Covering high-risk insurance pools: Sarah Varney
The federal government and states are scrambling now to create temporary high-risk pools for the medically uninsurable by July 1. As one of the first provisions of the Patient Protection and Affordable Care Act to go into effect, it will serve as a test case for implementation of the new law and it should be closely followed.
Some states with existing high risk pools are passing laws to ensure their programs comply with the new federal rules and are eligible for some of the $5 billion in federal funding. Other states are refusing to alter their programs and ceding responsibility to the federal government. But apart from being a policy story, it’s of great interest to all your readers, viewers or listeners who have pre-existing conditions and are struggling to find coverage.
AHCJ has asked some reporters covering the topic for story tips, suggestions and resources. We expect to add more tips and resources to this package as the story develops. If you have something to contribute, please send it to firstname.lastname@example.org.
By Sarah Varney
KQED Public Radio and The California Report
Some stories to think about:
• Talk to your state insurance commissioner and state Medicaid administrators to understand how (or if) they’re planning on offering coverage.
• How do the new rules differ from the existing program, if there is one?
• Who will continue to be excluded and what options, if any, do they have before the exchange begins in 2014?
• What happens to people in the existing high-risk programs? They have not technically been uninsured for six months and don’t qualify under the new federal provisions, and the coverage they receive is generally much more expensive and skimpier than what the new enrollees will have. How will these disparities be reconciled?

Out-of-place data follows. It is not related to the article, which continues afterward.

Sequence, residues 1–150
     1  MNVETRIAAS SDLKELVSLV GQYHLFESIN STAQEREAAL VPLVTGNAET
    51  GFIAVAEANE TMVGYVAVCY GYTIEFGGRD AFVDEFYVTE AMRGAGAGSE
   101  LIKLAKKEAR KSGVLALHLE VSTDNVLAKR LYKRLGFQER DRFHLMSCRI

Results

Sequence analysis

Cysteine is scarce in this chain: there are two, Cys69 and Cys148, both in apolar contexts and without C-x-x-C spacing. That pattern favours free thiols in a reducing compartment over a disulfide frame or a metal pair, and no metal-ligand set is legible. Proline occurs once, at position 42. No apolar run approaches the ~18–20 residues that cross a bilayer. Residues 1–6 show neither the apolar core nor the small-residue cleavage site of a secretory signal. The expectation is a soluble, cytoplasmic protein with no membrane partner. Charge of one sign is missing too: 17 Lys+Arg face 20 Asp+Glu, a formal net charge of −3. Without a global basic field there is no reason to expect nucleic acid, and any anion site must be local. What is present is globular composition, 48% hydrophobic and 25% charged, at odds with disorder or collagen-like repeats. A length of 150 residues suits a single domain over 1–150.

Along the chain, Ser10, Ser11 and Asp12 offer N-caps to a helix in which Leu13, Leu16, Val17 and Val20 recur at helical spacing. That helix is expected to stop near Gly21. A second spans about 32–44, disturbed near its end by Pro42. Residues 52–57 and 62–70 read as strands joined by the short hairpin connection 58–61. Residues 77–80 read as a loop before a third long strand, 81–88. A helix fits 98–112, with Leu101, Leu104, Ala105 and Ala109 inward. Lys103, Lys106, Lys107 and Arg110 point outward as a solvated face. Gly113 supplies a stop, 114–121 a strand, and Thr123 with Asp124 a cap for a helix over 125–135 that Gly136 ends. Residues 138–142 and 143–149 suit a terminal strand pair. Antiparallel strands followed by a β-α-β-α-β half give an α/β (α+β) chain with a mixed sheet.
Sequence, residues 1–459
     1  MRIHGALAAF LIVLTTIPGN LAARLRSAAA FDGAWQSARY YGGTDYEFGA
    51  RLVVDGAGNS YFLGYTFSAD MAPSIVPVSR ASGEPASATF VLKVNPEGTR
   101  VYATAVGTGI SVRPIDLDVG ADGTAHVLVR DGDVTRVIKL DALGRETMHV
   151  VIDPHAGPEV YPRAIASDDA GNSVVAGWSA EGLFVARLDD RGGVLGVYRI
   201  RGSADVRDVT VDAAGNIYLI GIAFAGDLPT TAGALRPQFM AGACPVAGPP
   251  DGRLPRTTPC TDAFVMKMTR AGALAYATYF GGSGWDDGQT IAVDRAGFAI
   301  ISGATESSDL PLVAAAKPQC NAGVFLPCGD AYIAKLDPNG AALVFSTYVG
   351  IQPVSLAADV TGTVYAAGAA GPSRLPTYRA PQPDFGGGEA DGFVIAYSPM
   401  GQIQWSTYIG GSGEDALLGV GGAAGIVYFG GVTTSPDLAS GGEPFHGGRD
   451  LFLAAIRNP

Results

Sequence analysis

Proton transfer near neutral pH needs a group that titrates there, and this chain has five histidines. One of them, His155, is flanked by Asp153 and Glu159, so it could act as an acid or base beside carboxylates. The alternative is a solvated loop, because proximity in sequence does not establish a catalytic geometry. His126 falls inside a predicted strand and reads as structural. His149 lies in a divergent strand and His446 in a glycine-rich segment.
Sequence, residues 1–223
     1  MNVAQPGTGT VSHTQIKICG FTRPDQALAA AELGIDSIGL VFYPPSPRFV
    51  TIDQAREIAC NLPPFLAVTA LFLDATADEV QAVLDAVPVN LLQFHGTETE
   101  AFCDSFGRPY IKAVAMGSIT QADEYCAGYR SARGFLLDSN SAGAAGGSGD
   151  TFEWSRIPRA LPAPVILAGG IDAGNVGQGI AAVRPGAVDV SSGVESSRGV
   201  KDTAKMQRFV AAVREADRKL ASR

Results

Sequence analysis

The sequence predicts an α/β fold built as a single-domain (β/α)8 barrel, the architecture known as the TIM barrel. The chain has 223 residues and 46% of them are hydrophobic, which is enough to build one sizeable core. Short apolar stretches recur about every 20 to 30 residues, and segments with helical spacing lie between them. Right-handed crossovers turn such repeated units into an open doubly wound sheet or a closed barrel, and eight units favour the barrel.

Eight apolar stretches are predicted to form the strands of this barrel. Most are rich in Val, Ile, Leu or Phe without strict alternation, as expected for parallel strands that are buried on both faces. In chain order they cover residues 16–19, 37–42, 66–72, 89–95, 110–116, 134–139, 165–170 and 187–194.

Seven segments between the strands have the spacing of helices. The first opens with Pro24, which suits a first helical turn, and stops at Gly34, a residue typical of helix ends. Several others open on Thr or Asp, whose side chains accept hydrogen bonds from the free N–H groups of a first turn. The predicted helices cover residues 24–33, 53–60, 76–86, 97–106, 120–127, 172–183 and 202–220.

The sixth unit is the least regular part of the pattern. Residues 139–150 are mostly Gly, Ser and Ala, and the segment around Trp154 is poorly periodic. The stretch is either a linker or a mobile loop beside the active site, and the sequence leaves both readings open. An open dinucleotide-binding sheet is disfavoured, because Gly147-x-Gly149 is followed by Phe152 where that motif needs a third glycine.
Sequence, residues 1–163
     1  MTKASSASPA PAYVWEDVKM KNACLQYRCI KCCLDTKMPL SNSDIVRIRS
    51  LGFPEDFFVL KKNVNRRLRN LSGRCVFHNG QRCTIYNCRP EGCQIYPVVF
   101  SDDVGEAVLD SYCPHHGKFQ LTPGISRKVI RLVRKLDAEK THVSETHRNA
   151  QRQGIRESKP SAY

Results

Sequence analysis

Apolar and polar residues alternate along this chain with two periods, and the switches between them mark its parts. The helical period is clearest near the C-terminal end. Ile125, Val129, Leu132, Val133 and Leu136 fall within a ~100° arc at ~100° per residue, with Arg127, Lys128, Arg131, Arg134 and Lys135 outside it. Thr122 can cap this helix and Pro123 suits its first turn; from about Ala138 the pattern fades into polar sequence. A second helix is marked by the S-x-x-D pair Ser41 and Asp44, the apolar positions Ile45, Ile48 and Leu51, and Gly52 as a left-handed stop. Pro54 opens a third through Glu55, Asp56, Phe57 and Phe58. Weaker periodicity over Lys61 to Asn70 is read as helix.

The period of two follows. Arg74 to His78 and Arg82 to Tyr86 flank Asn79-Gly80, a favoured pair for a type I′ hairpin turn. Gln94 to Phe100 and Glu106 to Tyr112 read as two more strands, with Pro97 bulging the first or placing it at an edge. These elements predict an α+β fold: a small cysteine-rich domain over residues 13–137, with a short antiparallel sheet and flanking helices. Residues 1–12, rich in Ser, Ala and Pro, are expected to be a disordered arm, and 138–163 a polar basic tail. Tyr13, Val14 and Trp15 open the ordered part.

Once the coverage kicks in this summer, it will be interesting to examine how well the program is administered (at the state and federal levels). For some of these people it will be the first time they have health insurance.
- How does that affect them, personally and professionally?
- What does it mean for their family members?
- Many of these people will have significant health problems. Will the $5 billion set aside in health reform be enough to cover the bill?
You might consider looking at access to care for those in the high risk pools. Many states contract out their high risk pools to private insurance companies who are supposed to have provider networks that are robust enough to handle the patient load (again, this varies state to state). How quickly are these people being seen? Are there enough specialists to handle what are likely to be complex health problems?
And finally, you might consider looking at the affordability of the coverage. The health reform bill caps how much individuals and families have to pay for coverage, but it’s likely still going to be too high for many people.